Short Selling Regulation after the Financial Crisis – First Principles Revisited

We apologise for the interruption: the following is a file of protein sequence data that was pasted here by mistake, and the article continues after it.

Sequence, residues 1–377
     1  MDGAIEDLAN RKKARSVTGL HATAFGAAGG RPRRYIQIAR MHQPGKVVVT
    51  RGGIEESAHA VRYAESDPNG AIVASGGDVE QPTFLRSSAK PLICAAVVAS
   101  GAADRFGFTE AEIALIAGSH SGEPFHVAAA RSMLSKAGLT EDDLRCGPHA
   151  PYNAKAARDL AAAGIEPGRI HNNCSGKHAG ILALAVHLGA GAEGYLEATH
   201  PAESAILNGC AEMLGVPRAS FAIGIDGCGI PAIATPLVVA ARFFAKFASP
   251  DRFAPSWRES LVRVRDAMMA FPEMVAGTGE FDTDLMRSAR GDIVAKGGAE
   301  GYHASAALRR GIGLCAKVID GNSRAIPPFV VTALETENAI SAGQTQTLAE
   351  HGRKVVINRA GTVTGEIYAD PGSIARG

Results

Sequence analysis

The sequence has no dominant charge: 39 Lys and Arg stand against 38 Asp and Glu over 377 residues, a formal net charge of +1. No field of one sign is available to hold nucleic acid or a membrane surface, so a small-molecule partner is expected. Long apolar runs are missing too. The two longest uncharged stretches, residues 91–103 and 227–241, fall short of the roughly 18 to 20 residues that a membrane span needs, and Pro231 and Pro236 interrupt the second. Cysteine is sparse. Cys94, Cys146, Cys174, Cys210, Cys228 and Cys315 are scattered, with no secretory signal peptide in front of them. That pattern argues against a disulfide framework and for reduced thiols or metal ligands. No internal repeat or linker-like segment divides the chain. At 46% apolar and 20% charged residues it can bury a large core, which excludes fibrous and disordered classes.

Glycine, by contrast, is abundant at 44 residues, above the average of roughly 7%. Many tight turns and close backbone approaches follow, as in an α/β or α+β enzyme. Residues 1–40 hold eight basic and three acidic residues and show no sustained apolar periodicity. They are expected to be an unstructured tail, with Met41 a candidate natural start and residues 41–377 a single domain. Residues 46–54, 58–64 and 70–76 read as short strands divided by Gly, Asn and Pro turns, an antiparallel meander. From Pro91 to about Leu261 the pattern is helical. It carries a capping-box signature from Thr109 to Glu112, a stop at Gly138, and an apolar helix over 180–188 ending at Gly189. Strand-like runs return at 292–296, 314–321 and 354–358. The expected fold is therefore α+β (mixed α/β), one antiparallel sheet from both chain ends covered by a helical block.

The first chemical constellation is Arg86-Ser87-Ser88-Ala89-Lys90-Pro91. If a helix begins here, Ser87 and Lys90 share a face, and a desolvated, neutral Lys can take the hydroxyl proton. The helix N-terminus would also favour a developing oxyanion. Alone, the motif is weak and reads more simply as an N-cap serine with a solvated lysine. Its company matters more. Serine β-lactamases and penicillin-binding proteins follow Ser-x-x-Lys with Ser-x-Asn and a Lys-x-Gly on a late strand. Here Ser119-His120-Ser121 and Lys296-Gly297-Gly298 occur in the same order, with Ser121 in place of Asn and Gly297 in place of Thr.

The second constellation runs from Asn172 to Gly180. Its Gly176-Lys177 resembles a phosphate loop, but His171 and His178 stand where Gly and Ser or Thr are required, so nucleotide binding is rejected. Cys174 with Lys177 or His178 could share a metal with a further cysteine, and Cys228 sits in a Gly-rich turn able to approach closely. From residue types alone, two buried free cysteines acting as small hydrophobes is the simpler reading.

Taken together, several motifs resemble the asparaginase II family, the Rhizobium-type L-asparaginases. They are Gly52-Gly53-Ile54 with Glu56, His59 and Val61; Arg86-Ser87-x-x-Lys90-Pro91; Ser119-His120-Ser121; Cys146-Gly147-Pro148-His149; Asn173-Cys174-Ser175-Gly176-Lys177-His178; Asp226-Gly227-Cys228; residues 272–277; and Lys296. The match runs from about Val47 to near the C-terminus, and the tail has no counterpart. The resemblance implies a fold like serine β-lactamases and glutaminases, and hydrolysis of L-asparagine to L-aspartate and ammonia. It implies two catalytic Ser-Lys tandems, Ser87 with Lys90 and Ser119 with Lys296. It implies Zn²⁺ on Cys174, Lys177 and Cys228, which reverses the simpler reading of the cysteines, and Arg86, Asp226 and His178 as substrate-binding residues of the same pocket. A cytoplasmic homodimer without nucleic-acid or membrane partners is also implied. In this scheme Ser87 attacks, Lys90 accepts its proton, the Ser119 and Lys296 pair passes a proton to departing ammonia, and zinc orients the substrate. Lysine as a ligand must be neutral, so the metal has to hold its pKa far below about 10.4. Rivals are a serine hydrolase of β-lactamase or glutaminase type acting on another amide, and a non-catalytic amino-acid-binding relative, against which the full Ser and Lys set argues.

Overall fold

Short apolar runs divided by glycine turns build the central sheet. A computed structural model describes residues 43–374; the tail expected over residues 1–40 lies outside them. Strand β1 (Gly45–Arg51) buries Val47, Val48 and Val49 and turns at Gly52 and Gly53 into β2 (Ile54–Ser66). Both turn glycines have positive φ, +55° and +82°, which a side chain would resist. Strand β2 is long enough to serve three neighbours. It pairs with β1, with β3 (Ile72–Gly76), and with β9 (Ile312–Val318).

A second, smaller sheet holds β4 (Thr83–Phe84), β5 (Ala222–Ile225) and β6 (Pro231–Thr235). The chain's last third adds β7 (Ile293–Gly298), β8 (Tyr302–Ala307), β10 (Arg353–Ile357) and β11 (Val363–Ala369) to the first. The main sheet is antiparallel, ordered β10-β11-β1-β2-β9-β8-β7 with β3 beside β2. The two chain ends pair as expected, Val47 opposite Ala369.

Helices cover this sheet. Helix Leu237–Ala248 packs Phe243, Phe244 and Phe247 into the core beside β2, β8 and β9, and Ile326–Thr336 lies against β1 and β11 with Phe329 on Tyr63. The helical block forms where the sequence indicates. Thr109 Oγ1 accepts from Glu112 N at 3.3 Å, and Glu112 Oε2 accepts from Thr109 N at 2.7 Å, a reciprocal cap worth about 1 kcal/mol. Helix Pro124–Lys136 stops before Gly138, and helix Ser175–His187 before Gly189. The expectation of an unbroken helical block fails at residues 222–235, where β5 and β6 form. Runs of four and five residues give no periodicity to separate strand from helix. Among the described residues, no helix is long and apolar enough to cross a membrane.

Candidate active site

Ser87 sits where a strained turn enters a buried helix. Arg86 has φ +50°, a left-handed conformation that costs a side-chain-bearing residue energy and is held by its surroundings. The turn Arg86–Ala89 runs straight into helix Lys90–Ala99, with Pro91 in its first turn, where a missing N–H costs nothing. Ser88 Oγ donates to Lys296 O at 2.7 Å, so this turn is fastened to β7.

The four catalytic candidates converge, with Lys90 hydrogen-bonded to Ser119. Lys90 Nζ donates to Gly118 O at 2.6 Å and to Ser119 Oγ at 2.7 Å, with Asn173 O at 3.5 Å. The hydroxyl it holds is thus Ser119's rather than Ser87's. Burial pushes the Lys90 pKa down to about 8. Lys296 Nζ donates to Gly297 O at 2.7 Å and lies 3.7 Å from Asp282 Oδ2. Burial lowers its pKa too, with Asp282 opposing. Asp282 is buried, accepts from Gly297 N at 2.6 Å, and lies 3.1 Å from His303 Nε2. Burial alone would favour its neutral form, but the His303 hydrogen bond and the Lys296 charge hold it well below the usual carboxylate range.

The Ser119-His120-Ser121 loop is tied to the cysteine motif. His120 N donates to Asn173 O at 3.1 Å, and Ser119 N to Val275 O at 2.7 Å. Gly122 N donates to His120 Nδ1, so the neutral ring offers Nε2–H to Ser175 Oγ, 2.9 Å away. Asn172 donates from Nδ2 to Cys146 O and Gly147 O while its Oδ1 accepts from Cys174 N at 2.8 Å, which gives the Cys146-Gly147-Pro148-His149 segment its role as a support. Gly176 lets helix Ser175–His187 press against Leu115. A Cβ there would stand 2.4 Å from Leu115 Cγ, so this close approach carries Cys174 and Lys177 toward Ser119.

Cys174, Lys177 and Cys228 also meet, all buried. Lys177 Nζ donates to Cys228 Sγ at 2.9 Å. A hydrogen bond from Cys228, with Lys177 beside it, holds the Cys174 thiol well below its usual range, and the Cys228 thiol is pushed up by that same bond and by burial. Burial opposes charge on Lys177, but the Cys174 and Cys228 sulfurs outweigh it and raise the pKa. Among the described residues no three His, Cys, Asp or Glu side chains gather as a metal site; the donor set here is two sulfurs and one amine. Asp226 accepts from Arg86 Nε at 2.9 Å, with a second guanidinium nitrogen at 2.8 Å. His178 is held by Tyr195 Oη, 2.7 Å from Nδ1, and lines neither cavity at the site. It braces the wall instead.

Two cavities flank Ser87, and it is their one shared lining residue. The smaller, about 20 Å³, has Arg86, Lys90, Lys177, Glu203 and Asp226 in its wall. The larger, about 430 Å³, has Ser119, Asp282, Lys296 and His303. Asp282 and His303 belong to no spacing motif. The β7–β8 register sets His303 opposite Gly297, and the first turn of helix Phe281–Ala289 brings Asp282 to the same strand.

This article examines the recent regulatory developments with regard to short selling. We begin with a comprehensive compilation of emergency restrictions on short selling adopted in the current crisis. Because of the tendency of some regulators to retain certain restrictions permanently, it is important to understand the fundamental legal and economic arguments regarding short selling. These arguments have at their core the question of whether there exists a market failure. The available evidence on balance suggests that short selling restrictions hamper the price discovery process. Also, while regulations against market abuse are required, it is an ineffective detour to pursue the goal of fair markets through the regulation of short selling. Based on these arguments, the article evaluates the approaches taken by the U.S. and U.K. regulators, who play a leading part in the current movement towards more comprehensive short selling regulation. The U.S. SEC’s recently adopted regulations do not seem to bring much added value and will presumably affect market efficiency in the negative. First principles suggest a somewhat more positive stance on the SEC’s proposal for a circuit breaker rule and the U.K. FSA’s proposed disclosure approach, though both are subject to caveats. We highlight some central questions for future research.